Justice Department asks U.S. Supreme Court to hear two DOMA challenges

WASHINGTON — In a surprise move, the Obama Administration on Tuesday asked the U.S. Supreme Court to hear two challenges relating to the Defense of Marriage Act, the 1996 federal law that defines marriage as between one man and one woman.

The announcement comes in the form of a letter from the Department of Justice asking the high Court to review two cases currently before two federal appeals courts.

In the first case — Golinski v. Office of Personnel Management — the U.S. Court of Appeals for the Ninth Circuit is scheduled to hear oral arguments in September. The Justice Department is asking the Supreme Court to take the case ahead of the appeals court.

In that case, Karen Golinski, who married her female partner of 20-plus years in August 2008, when it was legal to do so in California, was denied health care coverage for her spouse through her employer, the Ninth Circuit Court, which prohibits discrimination based on sexual orientation.

Ninth Circuit Chief Judge Alex Kozinski ordered the court to provide Golinski benefits but the Office of Personnel Management (OPM), headed by openly gay appointee John Berry, instructed the insurance company not to enroll Golinski’s spouse, noting that DOMA precluded the federal employer from recognizing Golinski’s marriage.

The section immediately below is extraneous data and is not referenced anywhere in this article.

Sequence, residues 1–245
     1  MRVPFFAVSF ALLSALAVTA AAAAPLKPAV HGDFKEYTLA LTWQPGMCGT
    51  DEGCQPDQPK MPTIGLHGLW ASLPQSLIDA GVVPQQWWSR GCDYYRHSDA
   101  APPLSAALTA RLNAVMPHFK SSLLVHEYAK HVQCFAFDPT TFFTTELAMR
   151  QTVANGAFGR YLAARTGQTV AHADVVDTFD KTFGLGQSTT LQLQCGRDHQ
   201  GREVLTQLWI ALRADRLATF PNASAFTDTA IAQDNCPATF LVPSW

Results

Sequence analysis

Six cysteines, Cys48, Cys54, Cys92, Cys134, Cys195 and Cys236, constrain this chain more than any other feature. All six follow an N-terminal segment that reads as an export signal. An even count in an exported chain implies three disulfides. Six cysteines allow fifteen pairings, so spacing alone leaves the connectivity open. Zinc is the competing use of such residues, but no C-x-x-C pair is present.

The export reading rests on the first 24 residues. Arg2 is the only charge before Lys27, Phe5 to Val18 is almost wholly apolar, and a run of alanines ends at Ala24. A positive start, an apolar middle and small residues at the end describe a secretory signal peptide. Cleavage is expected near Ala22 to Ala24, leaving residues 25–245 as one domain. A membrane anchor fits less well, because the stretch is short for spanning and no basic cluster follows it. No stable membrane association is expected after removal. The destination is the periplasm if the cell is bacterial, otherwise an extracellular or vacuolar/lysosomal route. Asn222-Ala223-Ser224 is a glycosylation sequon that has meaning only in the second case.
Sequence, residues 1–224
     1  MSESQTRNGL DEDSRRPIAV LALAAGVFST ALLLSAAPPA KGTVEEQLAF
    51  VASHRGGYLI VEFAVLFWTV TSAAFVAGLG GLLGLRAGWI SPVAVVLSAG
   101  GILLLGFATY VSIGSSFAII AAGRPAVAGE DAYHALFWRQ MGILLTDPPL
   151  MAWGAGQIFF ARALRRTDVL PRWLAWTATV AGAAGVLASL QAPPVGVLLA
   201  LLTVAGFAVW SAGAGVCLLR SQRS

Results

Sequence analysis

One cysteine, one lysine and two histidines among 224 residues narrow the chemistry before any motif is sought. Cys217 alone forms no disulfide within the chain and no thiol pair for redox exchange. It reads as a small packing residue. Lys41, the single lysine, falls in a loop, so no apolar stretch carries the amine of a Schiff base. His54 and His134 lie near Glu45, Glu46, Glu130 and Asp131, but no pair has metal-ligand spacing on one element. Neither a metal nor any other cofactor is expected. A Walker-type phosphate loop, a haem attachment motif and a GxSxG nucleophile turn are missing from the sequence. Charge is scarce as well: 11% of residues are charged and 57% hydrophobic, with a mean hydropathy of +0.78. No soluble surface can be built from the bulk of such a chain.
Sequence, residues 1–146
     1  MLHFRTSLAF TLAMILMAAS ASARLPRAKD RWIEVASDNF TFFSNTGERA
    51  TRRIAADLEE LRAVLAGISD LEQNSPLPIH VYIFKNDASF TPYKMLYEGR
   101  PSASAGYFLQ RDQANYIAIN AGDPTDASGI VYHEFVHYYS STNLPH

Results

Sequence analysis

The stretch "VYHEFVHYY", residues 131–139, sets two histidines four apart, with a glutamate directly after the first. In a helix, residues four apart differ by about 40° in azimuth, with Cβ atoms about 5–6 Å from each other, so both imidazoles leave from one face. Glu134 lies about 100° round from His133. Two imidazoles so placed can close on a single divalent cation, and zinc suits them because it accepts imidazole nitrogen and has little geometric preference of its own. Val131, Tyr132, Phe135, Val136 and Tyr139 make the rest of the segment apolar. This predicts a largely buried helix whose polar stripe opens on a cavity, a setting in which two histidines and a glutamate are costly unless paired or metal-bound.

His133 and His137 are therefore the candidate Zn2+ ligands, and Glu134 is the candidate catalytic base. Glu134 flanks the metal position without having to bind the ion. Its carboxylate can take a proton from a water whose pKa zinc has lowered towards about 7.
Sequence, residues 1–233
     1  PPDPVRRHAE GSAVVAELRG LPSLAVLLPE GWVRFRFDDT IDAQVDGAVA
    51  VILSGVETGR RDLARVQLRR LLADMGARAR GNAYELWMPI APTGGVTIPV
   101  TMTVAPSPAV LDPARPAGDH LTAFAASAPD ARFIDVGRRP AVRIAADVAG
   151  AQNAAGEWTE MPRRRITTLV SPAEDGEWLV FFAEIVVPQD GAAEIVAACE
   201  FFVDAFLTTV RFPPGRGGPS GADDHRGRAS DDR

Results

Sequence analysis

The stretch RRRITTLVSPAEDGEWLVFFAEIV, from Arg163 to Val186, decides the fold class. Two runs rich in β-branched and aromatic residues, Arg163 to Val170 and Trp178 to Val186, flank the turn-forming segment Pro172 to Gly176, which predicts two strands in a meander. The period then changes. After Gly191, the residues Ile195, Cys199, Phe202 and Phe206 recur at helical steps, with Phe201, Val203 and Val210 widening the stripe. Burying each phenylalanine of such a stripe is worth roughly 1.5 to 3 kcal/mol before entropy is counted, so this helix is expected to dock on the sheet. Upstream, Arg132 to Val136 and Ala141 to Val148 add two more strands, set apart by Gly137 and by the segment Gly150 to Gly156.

In Golinski’s lawsuit, brought by Lambda Legal, Judge Jeffrey White of the U.S. District Court for Northern California ruled on Feb. 22 that DOMA violates the rights of gays and lesbians to equal protection of the law.

The Justice Department also asked the Supreme Court to review the case of Massachusetts v. Department of Health and Human Services.

On May 31, in a unanimous decision, a three-judge panel of the U.S. Court of Appeals for the First Circuit in Boston agreed with a lower court judge who ruled in 2010 that DOMA is unconstitutional because it interferes with the right of a state to define marriage.

Last week, the House Bipartisan Legal Advisory Group, led by the House Spearker John Boehner (R-Ohio) formally appealed that decision to the U.S. Supreme Court.

“This development highlights the desire by all, the government included, to resolve this issue quickly. It is clear to us, to the Solicitor General and to the Department of Justice that DOMA’s days are numbered. The last four courts to consider the question have all found Section 3 of DOMA – which prohibits the federal government from recognizing same-sex couples’ valid marriages– to be unconstitutional,” said Tara Borelli, staff attorney for Lamba Legal, in a statement late Tuesday.

“There are loving, married same-sex couples, and grieving lesbian and gay widows and widowers around the country who are being hurt by the government’s discriminatory actions – that’s why there are DOMA cases pending in several jurisdictions, brought on behalf of many plaintiffs. Every one of their stories demonstrates that DOMA is an unfair and discriminatory law that violates the Constitution,” she said.

In the Golinski filing, U.S. Solicitor General Donald Verrilli Jr., said the Supreme Court should accept the case to answer once and for all “whether Section 3 of DOMA violates the Fifth Amendment’s guarantee of equal protection of the laws as applied to persons of the same sex who are legally married under the laws of their State.”

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